Mermin replies: The Matthew effect only comes into play when one possible source is overwhelmingly more distinguished than any other. Richard P. Feynman and N. David Mermin constitute a fine example. The evangelists do not. Matthew did not tower head and shoulders above his colleagues. One might argue that we should call it the Mark effect, since the Gospel of Mark was the earliest, but this would make the term “Matthew effect” a simple misattribution of priority, and not an example of the effect itself, as Douglas Brewer incorrectly maintains.

Merton and the Fiesers are another matter. While the Fiesers are overwhelmingly the more distinguished chemists, Merton is overwhelmingly the more distinguished sociologist. Since the Matthew effect is a sociological and not a chemical phenomenon, if the Fiesers really did introduce the terminology in 1944, its widespread attribution to Merton (1968) is indeed an example of the Matthew effect. I suspect that the author of On the Shoulders of Giants would have greatly enjoyed this delicious twist.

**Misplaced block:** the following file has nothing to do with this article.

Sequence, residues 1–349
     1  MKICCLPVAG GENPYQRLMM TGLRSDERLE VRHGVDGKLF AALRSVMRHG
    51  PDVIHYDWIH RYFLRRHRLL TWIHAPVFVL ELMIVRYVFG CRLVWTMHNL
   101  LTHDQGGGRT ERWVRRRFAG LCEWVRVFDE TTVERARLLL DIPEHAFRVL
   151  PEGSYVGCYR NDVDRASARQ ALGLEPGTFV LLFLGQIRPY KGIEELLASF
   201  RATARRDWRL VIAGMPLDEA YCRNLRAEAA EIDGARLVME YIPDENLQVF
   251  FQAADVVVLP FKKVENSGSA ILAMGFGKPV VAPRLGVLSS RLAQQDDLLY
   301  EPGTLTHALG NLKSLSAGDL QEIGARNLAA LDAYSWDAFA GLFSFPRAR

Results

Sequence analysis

Hoping to learn more, I dug Fieser and Fieser out of the library. But the index was of no help in hunting down Sam Silverman’s citation, and I’m ashamed to say I lacked the patience to search for it page by page. Stephen Berry’s memory of long-ago organic chemistry classes certainly lends credence to Silverman’s claim. But the question of whether the Fiesers, as amateur sociologists, have indeed been matthewed (or matthewed, marked, luked, and johned, as Brewer would have us say) by Merton himself remains open, as far as I’m concerned. Perhaps some reader of Physics Today can supply the missing citation.

While on the subject, I would like to report here that I received more than 40 e-mails in response to my request for evidence that Feynman had used “shut up and calculate” to characterize the Copenhagen interpretation. While these contained many delightful anecdotes and personal reminiscences, nobody could cite a Feynman text in which the phrase appears or recall ever having heard him say it or anything I judged to be very much like it.